In contrast to the situation with most other medieval poets, we are very well informed about the South-Tyrolean poet Oswald von Wolkenstein through more than one thousand historical documents, his own strongly autobiographical poetry, and through several depictions of the poet in frontispieces in his manuscripts A and B, one pencil drawing showing him standing next to a copy of a Petrarch letter (Wolfenbüttel), one book illustration in Ulrich von Richenthal's chronicle of the Council of Constance (1417), and even a memorial stone sculpture created in 1408. Oswald was a remarkable poet for a number of reasons, not the least of which is the fact that we know so much about him. Not surprisingly, in his song “Und swig ich nu” (Kl 117; for the acronym, see below) he explicitly voiced his…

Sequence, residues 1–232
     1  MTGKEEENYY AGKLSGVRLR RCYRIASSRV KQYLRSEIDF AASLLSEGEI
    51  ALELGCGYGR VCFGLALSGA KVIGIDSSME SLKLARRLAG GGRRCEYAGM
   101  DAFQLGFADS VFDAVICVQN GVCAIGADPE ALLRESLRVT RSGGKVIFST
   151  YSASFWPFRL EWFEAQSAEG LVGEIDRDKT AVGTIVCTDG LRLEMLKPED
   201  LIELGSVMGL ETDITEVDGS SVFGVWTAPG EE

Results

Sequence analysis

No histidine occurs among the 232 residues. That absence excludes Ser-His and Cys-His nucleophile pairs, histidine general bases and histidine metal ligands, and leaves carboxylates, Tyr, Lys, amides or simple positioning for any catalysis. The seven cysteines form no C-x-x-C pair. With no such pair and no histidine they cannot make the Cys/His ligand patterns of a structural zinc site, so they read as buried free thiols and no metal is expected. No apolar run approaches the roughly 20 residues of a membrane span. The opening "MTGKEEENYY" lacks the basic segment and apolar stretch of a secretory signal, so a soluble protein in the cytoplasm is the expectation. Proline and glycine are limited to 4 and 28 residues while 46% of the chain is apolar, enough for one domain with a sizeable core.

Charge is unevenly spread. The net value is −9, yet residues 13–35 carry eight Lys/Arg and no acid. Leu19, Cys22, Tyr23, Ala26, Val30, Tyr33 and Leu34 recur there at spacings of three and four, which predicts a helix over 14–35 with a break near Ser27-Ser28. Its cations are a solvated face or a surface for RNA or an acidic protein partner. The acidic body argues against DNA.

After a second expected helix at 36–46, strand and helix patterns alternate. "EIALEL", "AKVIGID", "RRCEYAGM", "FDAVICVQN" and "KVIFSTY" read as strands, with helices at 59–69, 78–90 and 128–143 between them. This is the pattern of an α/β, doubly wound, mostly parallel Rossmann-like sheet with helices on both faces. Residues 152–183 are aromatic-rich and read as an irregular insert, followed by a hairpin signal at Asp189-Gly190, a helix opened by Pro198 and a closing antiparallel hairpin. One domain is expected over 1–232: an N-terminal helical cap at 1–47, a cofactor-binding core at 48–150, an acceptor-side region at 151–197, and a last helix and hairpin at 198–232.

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Citation: Classen, Albrecht. "Oswald von Wolkenstein". The Literary Encyclopedia. First published 18 June 2004 [, accessed 21 June 2024.]

5559 Oswald von Wolkenstein 1 Historical context notes are intended to give basic and preliminary information on a topic. In some cases they will be expanded into longer entries as the Literary Encyclopedia evolves.

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